11 June 2024

What to Make of Biden’s Latest Promise to Defend Taiwan

Dean P. Chen

U.S. President Joe Biden has reiterated, on multiple different occasions, that his administration would respond militarily if Taiwan was attacked by the People’s Republic of China (PRC). Biden publicly made that pledge on at least six occasions: August 2021, October 2021, May 2022, September 2022, and twice in May of this year, once at the commencement address of West Point and the other during an interview with TIME magazine.

“The U.S. is standing up for peace and stability in the Taiwan Strait,” the president said at West Point on May 25. He added pointedly, “I’ve always been willing to use force when required to protect our nation, our allies, our core interests.”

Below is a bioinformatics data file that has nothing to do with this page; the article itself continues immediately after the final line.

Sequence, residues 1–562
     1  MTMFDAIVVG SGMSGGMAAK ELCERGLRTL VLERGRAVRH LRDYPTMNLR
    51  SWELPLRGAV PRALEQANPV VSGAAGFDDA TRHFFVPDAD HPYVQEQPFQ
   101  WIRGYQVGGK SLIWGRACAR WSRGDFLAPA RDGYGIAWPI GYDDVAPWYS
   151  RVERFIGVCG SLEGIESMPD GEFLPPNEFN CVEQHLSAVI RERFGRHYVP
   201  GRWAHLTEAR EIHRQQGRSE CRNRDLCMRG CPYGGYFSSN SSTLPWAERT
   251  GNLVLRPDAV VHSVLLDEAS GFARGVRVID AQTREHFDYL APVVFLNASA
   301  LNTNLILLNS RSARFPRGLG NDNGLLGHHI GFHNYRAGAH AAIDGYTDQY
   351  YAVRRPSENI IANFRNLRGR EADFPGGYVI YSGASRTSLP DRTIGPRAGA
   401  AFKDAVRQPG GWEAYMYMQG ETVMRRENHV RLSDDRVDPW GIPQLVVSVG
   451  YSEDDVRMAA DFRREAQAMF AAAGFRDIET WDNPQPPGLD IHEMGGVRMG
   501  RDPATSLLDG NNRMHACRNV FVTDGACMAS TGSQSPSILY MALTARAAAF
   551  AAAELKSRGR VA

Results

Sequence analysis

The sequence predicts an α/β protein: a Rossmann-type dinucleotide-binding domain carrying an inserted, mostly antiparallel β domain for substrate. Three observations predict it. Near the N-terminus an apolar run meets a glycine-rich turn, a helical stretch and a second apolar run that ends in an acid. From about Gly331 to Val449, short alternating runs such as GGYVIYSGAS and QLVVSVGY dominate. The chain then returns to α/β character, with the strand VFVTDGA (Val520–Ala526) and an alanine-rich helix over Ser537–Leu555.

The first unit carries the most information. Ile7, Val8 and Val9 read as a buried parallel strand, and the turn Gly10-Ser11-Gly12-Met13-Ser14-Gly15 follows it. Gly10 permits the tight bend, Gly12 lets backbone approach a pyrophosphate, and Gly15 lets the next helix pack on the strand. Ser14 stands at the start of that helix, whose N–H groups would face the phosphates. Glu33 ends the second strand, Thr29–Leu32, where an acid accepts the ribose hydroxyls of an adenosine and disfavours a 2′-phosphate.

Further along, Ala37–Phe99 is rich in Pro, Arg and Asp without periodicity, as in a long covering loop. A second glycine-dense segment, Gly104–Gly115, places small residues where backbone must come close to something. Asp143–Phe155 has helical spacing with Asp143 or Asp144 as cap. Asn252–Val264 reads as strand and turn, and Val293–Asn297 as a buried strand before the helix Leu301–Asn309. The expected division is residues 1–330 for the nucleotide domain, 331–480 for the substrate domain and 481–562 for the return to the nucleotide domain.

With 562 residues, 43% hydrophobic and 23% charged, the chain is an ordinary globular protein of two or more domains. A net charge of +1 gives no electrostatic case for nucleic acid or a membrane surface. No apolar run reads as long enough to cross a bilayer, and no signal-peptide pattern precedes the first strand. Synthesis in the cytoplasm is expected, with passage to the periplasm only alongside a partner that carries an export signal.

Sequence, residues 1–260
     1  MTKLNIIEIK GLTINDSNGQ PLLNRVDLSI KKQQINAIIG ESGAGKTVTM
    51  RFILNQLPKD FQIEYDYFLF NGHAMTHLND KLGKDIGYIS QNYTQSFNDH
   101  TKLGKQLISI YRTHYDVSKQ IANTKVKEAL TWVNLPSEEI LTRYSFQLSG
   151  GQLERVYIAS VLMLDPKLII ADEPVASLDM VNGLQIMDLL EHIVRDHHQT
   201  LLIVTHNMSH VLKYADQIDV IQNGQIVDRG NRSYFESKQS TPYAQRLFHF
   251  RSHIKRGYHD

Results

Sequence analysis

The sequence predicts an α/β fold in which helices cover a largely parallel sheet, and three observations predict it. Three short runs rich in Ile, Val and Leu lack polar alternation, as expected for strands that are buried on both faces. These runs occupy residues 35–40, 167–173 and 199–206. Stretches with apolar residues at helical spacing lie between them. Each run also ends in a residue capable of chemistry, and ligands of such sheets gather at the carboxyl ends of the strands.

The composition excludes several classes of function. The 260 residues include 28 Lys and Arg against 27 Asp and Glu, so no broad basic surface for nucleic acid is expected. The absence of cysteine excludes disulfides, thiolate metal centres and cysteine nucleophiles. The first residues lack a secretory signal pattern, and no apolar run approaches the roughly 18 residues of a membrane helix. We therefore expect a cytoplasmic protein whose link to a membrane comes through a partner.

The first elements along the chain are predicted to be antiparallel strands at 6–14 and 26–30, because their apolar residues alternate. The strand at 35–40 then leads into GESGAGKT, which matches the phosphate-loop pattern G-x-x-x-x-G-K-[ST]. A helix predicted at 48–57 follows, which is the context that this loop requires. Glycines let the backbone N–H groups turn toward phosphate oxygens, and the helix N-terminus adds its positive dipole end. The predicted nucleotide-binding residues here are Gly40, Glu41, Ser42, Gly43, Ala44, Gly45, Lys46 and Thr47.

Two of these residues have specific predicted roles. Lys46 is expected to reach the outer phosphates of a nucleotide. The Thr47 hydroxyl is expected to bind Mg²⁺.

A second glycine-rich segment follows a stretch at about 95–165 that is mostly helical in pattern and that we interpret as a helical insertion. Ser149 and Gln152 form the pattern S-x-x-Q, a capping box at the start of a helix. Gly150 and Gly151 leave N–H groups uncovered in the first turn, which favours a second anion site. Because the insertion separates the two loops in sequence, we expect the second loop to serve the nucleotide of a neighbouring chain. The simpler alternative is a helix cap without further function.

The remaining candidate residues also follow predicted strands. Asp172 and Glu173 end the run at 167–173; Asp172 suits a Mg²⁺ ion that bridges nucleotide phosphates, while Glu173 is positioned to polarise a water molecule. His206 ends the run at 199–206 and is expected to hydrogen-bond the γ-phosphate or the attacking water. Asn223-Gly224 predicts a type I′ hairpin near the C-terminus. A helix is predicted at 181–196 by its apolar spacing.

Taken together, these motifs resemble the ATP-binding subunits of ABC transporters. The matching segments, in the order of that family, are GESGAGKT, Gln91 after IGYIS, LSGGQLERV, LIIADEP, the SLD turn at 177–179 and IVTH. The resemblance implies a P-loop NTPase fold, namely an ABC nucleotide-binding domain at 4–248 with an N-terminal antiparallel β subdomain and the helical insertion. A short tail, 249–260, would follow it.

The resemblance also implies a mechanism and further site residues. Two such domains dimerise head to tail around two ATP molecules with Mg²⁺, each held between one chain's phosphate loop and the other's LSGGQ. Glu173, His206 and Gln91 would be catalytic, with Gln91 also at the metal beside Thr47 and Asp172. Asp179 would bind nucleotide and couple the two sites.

On May 28, when asked by the TIME interviewers to clarify his military defense statement of the democratic island, he replied: “It would depend on the circumstances. You know… I’ve made clear to [Chinese President] Xi Jinping that we agree with – we signed on to previous presidents going way back – to the policy of, that, it is we are not seeking independence for Taiwan nor will we, in fact, not defend Taiwan if they if, if China unilaterally tries to change the status. And so we’re continuing to supply capacity. And, and we’ve been in consultation with our allies in the region.”

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